Why Michael Essien's Generation is Ghana's Greatest!

Sat, 28 Nov 2009 Source: Pryce, Daniel K.

As a former player, midfield dynamo and captain, at least at the collegiate level, I understand the intricacies of the world's most popular sport: soccer. In fact, I have followed with unabashed enthusiasm the game of soccer all of my life, with Asante Kotoko being my favorite team in Ghana since I was about 7 years old. I can recall rather quickly the names of Kotoko's most outstanding stars of the past, and whether or not they were part of the 1971 and 1983 squads that won the African Clubs Championship. Ghana's first properly constituted national soccer league took place in 1958, and there were eight teams – Asante Kotoko, Kumasi Cornerstone, Accra Hearts of Oak, Accra Great Olympics, Sekondi Hasaacas, Sekondi Eleven Wise, Cape Coast Mysterious Dwarfs and Cape Coast Venomous Vipers – with Hearts of Oak taking the maiden title. Many talented Ghanaian players have come and gone since 1958, but Michael Essien and his fellow Black Stars teammates are arguably the greatest set of players Ghana has ever produced, because they are the only ones who have taken us to the FIFA World Cup.

It is true that Ghana has won the African Cup of Nations four times (1963, 1965, 1978 and 1982), and for a while, this record stood – but Egypt has since overtaken us with a record six titles! For many soccer pundits, winning the African Cup of Nations is a great achievement, but there is no greater laurel than qualifying for the FIFA World Cup, which had eluded us until 2006, when Michael Essien, Sulley Muntari, Asamoah Gyan, John Mensah, John Paintsil and the others finally gave Ghana a berth at a FIFA World Cup tourney. For those who are very young, I wish to remind you that Africa, for a while, had only one or two representatives at the FIFA World Cup, so qualifying to this premier event was quite an achievement back then. Some may argue that were Africa still getting only two places at the World Cup, would Essien and his teammates have taken us there? Well, no one knows for sure, but what is evident is that Essien and his teammates not only took us there in 2006, they are taking us there again in 2010, with Ghana becoming Africa's first to qualify for South Africa 2010!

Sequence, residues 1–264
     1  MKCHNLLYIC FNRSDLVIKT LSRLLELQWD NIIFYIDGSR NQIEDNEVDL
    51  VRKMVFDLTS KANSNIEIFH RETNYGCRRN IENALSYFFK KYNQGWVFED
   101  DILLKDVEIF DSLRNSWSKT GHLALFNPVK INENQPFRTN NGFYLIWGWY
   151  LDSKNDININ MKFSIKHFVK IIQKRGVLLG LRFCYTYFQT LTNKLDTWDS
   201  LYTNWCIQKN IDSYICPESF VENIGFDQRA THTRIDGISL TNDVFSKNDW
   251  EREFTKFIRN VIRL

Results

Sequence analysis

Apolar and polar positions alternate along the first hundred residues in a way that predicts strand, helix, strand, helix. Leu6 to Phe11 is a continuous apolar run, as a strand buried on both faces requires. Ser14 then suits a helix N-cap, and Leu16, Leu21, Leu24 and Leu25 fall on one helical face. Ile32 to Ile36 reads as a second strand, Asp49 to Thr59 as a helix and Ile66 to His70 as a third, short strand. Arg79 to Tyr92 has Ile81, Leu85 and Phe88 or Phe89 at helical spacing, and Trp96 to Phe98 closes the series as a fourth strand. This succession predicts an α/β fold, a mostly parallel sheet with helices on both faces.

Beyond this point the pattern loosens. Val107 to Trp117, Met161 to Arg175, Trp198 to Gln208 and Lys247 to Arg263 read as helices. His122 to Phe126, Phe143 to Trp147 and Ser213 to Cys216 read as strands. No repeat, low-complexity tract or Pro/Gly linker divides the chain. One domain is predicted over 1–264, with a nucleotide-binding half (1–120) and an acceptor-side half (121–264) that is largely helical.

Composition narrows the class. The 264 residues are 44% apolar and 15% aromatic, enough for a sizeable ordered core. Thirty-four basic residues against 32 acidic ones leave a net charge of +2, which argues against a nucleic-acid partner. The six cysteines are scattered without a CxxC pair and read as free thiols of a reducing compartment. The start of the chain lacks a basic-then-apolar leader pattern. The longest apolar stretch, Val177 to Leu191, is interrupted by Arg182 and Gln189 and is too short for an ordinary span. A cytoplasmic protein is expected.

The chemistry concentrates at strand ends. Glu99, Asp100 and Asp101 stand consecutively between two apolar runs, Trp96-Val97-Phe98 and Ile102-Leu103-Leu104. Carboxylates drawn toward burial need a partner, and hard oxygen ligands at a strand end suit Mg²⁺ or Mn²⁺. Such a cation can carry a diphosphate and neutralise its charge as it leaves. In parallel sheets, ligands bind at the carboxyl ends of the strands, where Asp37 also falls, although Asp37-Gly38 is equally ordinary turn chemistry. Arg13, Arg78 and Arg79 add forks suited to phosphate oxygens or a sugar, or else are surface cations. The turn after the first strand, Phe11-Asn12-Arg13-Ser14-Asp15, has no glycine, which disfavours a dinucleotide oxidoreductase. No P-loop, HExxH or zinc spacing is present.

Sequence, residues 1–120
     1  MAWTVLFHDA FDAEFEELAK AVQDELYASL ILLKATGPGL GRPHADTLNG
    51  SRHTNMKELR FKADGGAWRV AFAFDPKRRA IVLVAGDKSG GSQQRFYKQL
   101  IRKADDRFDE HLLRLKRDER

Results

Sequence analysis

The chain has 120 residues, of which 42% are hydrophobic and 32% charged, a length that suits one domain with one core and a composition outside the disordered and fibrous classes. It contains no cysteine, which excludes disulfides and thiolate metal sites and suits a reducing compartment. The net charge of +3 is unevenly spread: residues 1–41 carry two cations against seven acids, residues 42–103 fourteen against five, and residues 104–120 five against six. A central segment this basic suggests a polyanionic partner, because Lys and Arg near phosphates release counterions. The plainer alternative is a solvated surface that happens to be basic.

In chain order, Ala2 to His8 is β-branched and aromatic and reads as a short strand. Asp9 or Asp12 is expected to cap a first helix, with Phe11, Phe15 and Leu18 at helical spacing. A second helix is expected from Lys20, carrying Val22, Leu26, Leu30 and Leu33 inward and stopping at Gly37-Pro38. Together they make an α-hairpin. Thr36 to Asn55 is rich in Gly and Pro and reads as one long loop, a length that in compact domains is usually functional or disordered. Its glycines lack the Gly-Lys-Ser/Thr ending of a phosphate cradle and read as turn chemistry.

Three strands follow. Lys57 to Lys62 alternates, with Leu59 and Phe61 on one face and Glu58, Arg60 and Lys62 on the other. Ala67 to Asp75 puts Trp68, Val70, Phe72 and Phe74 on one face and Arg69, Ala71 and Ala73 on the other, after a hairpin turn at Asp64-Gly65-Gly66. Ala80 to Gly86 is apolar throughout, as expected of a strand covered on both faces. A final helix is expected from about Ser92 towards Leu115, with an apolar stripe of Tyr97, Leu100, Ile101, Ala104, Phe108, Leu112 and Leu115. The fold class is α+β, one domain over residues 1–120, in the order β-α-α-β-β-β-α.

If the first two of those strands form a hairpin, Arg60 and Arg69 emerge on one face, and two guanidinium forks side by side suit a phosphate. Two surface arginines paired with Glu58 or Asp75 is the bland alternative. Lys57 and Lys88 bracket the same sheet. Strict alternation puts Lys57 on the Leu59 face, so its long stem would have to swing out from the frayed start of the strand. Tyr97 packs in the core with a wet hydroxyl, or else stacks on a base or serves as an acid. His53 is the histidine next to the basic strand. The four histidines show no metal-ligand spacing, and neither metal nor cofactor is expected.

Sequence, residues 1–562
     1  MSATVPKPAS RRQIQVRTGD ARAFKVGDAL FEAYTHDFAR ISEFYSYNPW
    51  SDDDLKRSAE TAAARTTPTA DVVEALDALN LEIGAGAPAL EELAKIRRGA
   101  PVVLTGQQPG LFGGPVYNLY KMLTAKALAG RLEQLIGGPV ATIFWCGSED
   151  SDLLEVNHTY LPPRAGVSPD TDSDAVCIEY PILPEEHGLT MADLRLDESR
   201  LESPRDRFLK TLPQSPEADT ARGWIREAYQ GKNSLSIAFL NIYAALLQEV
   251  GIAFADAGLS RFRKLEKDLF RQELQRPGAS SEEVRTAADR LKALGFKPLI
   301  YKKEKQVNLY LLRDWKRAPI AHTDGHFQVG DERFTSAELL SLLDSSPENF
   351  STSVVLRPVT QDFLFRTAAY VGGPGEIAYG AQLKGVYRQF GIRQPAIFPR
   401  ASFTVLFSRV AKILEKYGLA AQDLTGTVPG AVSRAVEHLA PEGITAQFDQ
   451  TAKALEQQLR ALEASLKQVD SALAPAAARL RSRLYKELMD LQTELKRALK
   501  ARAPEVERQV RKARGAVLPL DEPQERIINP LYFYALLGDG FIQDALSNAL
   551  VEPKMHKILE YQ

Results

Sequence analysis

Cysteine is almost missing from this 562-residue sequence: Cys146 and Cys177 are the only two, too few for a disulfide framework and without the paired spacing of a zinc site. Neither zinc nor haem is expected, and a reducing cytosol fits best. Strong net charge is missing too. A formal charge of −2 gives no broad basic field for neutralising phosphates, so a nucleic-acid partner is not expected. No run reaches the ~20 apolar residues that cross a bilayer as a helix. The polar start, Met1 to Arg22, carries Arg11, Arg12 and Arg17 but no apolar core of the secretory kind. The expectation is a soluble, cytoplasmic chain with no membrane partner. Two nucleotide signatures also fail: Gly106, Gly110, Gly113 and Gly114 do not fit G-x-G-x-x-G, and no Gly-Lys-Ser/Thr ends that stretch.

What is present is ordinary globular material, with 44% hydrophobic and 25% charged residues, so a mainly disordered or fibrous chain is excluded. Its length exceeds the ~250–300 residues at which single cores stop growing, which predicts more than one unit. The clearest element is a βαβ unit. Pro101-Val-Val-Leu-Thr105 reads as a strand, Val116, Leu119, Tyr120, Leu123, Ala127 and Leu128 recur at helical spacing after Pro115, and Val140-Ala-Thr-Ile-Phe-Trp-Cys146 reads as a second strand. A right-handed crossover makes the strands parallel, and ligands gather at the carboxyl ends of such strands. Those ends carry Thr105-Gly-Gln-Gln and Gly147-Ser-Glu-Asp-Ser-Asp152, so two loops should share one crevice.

Ghana has always produced an avalanche of virtuosic soccer players, and the likes of Aggrey Fynn, Kwao Baffoe, Ofei Dodoo, Dodoo Ankrah, Dogo Moro, Baba Yara, Edward Acquah, Kwadwo Mfum, Jones Attuquayefio, Malik Jabir, Kofi Bruce, Amusa Gbadamoshie and Ibrahim Sunday gave us so much joy and titillation on the field of play. Other great players of the past, who also made Ghanaian soccer lovers very proud, would include Osei Kofi, Robert Mensah, Oliver Acquah, Addoquaye Laryea, Atta Kwame, Kwasi Owusu, Joe Ghartey, Peter Lamptey, Ofei Ansah, Abeka Ankrah, Mohammed Polo, Dan Owusu, Sam Ampeh, Adolf Armah, P.S.K. Paha, Robert Hammond, Opoku Afriyie, Anas Seidu, Emmanuel Quarshie, Abdul Razak, George Alhassan, Kofi Abbrey, Opoku Nti, Ahmed Rockson, Albert Asaase, Papa Arko, Seth Ampadu, Abedi Ayew, Anthony Yeboah, Kwesi Appiah, Kofi Badu, Emmanuel Armah, Kuuku Dadzie, Tony Baffoe, Emmanuel Ampiah, Frimpong Manso, Owusu Mensah and Addae Kyenkyenhene.

While this writer cannot name all of the prolific stars of the last few generations, for obvious reasons, my argument is mainly about which group of players has achieved the greatest for Mother Ghana. Certainly, we had the young Abedi Ayew and others win the 1982 African Cup of Nations in Libya – Ghana's fourth – but we have been unable to win another since. Yes, several players have come and gone, but that fifth trophy remains elusive up to now. Perhaps, the nearest Ghana had come to winning its fifth trophy was in Senegal, which hosted the 1992 edition of the African Cup of Nations, but several fissures in the playing body had contributed greatly to our loss to Ivory Coast in the final match. For those who may be unaware of this fact, Kotoko's stalwart defender, Kwesi Appiah, had been captain of the Black Stars for a period, until the captaincy was taken away from him, under false pretenses, and given to Abedi Ayew, which led to a schism in the team, with Abedi Ayew and Anthony Yeboah becoming factional leaders.

This rift could be blamed both on Abedi Ayew's huge ego and the then-leaders of the Ghana Football Association, who would humiliate Kwesi Appiah by taking the captain's armband away from him. While some of the post-1992 tournament players would remain in the team and take part in several succeeding African Cup of Nations tournaments, the fissures were never completely healed, and Ghana became the poorer for it.

At the Under-20 World Cup tournament held in Argentina in 2001, Ghana's silver medal-winning team would show the world that it had what it took to do well if allowed to remain a strong unit; just five years later, this group of dedicated Ghanaian professionals would take us to our first FIFA World Cup tournament: Germany 2006! In fact, of the 2001 silver medal-winning squad, Michael Essien, Sulley Muntari, John Mensah, John Paintsil and others would all make it to Germany 2006, and it is no surprise that these men are still first-choice players in the current Black Stars squad. The fact that these guys are still doing well for their clubs and country is a testament to their overall dedication to the sport and to Mother Ghana.